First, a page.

With 43 days remaining until the green flag drops on the 2015 college football season, Dana Holgorsen and his West Virginia University football team kicked off Day 1 of Big 12 Conference Media Day.
Holgorsen returns to Morgantown for his 5th season with 15 starters back from last year’s 7-6 team that lost to Texas A&M in the Liberty Bowl.
Much of the attention during the off season has centered around the Mountaineer defense. With the likes of Karl Joseph, KJ Dillon, Nick Kwiatkoski, Larry Jefferson, Kyle Rose, Daryl Worley and Dravon Henry back, this should be the best defensive unit Morgantown has seen in a long time.
And Holgorsen isn’t backing away from it.
“I’ve just got guys that have a bunch of experience,” he said. “When we came into this league three years ago, everybody remembers Geno Smith and Tavon Austin and Stedman Bailey, but I doubt you could name another person, especially on defense. Just the guys that have been here three and four years, even going into their fifth year – guys have been here and they’ve played a bunch.
“It’s been a long road to get to this point defensively, and we obviously feel good about it.” Holgorsen said.
West Virginia defensive coordinator Tony Gibson set the bar high early during the spring when he said expects this defense to be one of the best in the country.
“That’s our mindset now,” Gibson said. “We want to be aggressive, we want to dictate tempo of games, we don’t want to let the offense do that to us, that’s when you get on your heels.”
It’s often said that defenses take on the personality of their coach, and it’s easy to see why players enjoy playing for Gibby.
“He’s one of the most consistent coaches we’ve had,” safety Karl Joseph said. “He’s a fun coach to play for, he’s aggressive. He gets disappointed in us a lot, and I like that because it means he cares and knows what we are capable of. It doesn’t take him yelling at us; he can just give us that disappointed look and we know we need to step up.”
On the other side of the ball, the offense continues to be the wildcard.
It’s no secret that Holgorsen likes to throw it around the yard and mix in the run to keep the defense off balance. In 2015, you’ll likely see several new wrinkles to the Mountaineer offense.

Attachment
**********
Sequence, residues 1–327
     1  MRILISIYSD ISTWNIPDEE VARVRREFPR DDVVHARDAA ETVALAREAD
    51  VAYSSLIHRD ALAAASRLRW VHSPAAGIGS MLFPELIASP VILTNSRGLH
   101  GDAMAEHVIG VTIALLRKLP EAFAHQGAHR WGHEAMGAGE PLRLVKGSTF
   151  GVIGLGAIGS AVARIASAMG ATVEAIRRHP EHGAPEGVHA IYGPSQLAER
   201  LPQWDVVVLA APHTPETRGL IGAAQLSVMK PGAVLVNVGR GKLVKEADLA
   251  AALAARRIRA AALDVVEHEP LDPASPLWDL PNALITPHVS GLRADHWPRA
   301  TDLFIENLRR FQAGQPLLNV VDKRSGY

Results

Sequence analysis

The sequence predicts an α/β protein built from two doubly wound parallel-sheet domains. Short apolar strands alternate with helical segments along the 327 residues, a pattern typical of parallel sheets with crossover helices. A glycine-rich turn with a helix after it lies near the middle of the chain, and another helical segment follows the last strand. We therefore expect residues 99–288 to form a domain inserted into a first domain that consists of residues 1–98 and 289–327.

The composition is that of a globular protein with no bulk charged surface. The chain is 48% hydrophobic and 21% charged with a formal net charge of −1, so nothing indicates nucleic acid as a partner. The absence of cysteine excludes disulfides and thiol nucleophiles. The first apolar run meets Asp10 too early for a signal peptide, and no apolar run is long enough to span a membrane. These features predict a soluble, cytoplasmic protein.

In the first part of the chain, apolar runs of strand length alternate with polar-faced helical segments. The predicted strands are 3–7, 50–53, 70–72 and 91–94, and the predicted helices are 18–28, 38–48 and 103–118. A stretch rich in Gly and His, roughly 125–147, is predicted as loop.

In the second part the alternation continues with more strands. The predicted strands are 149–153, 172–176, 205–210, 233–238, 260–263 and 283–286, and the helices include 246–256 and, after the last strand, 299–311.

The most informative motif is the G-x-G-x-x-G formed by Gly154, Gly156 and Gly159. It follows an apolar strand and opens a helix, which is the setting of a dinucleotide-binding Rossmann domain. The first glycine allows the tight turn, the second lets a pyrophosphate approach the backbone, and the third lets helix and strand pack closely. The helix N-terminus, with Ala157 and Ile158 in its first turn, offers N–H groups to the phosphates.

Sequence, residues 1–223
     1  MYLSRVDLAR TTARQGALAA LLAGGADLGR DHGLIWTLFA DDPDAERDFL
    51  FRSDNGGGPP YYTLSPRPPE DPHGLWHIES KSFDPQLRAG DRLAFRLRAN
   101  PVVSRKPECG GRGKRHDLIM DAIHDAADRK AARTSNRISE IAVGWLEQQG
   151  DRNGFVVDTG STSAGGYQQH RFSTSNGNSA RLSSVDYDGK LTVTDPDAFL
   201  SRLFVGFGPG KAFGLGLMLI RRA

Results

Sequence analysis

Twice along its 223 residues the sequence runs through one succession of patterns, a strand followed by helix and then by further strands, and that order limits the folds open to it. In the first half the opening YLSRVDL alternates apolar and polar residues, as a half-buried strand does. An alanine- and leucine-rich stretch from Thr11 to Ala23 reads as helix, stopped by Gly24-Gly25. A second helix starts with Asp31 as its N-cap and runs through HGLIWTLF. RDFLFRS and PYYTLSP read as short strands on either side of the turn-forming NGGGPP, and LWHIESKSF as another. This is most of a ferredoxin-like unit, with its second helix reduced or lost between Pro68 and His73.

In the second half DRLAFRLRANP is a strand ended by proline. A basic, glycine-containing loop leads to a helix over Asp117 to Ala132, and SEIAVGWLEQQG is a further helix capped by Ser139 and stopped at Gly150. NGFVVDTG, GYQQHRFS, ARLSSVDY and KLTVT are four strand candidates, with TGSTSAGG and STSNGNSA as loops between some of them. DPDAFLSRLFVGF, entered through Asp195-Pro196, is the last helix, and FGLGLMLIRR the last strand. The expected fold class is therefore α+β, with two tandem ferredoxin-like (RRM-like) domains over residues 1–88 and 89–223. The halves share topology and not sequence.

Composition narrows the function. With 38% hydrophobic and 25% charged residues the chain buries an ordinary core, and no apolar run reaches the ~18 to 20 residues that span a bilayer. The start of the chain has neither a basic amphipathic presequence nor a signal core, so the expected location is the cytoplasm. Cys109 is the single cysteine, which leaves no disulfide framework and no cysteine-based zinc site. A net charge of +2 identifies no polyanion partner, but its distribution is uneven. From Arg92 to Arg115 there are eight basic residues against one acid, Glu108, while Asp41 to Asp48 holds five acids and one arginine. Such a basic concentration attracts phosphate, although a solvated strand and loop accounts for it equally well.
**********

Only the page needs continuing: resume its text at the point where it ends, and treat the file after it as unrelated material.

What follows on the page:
But Holgorsen is adaptable.
“Last year we were still top seven or eight in passing in the country, but we ran the ball over 50 percent of the time,” he pointed out. “That’s just kind of what our philosophy is, and that’s the way it’s going to be. The more success we have running the ball, the more we’re going to do it.”
Ball security is something Holgorsen has stressed during the off season.
“Everybody talks about the quarterback position taking care of the ball when he’s throwing it, but you’ve got to take care of the ball in the pocket, and you’ve got to take care of the ball when you tuck it and head downfield as well,” said Holgorsen. “Whoever that guy is for us is going to be the guy that can take care of the ball more than anything. We were 120th in turnover margin last year and we felt like we could have put ourselves in a position to win the conference if we’d have done a better job of taking care of the ball and getting turnovers on defense as well.”
One luxury Holgorsen will have in his pocket is the ability to show different formations and group sets on offense. With inexperience at the wide receiver position, the run game powered by Rushel Shell, Wendell Smallwood and Donte Thomas-Williams will need to lead the way.
Add more design quarterback runs, and you can start to see the Mountaineers adapt to Big 12 football.
Teams across the conference are going towards dual-threat quarterbacks that can both throw and run. Multiple schemes often create multiple problems for defenses, and keep defense coordinators awake at night.
But that doesn’t mean Holgorsen still can’t throw it 40 times a game… or does it?
“Geez, I still like to throw the ball a good bit, you know,” he said. “But I know one thing: if you can’t do either one, you’re not going to be worth a darn, I can assure you of that.”